During this stage, as many factors as possible should be identified. Don’t fall into the trap of identifying one or two and thinking your job is done. It’s important to make sure all of the factors that could create the problem have been uncovered.

Using these tools will help identify the issues:

– Appreciation – Use facts and ask “So What?” to figure out all the possible consequences of a fact.
– Why-Why Analysis
– Keep asking ‘Why?’ until you get to the root of the problem.
– Drill Down
– Break down the problem into small, detailed parts to better understand the whole issue.
– Cause and effect diagrams
– See where the problem may have begun by creating a chart of all the possible issues.

4. Determine root cause

Use the same techniques as above to work out the root of each issue discovered. Leading you to the root cause of the whole problem.

5. Recommend and implement solutions

What can you do to prevent the problem from happening again? How will the solution be implemented? Who will be responsible for it? What are the risks of implementing the solution?

The cause-and-effect process needs to be analysed in order to identify the changes that need to be made. Bear in mind, there may be different changes for each system. At this stage it is important to also plan ahead and predict the effects of the solution. By doing this, any potential failures can be prevented.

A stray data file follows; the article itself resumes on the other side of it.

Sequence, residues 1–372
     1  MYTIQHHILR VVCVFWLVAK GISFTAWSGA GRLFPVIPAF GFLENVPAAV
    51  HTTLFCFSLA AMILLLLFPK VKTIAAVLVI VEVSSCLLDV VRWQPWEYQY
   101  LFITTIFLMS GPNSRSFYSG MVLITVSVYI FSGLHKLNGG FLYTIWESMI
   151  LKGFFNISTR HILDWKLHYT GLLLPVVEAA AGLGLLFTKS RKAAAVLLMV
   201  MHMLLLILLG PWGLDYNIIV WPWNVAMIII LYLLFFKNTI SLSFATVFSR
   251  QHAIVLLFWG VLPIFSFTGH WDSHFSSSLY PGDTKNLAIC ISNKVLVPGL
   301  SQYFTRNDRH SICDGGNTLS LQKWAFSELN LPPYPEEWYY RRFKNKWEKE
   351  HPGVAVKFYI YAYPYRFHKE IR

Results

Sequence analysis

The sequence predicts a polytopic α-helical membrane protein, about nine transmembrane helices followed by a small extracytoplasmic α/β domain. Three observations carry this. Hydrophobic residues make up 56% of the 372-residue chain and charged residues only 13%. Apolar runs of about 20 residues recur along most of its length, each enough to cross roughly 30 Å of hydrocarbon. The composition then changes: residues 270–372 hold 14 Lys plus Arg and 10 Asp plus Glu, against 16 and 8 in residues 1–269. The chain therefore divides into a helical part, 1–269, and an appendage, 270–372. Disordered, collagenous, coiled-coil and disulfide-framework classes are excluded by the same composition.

What can you do to prevent the problem from happening again? How will the solution be implemented? Who will be responsible for it? What are the risks of implementing the solution?

The cause-and-effect process needs to be analysed in order to identify the changes that need to be made. Bear in mind, there may be different changes for each system. At this stage it is important to also plan ahead and predict the effects of the solution. By doing this, any potential failures can be prevented.

Once the root cause has been identified the solution can be straight forward. When this isn’t the case, however, it’s at this point you may need to think creatively about how to move forward.

Do you need help with your RCA?

We try to use RCA to a greater and lesser extent every day when helping our customers resolve their engineering difficulties. We have recently been working with a customer who needs to resolve an ongoing issue with a contaminant. The customer was primarily focused on improving their extraction system and whilst this is part of the solution, we have also been able to guide them to address other issues like machine leakage and room size, through using root cause analysis techniques.

An RCA can be a lengthy and complex process. Some businesses may not have the spare time or knowledge to undertake such a task. If that sounds like your business or you have a persistent problem that you are struggling to get to the bottom of, then it’s time to call Padgate Services.

We can come in and carry out a Root Cause Analysis. We will work with those who are familiar with the problem to get to the root cause and work out a long-term solution. Get in touch today, we will be happy to discuss how we can help you.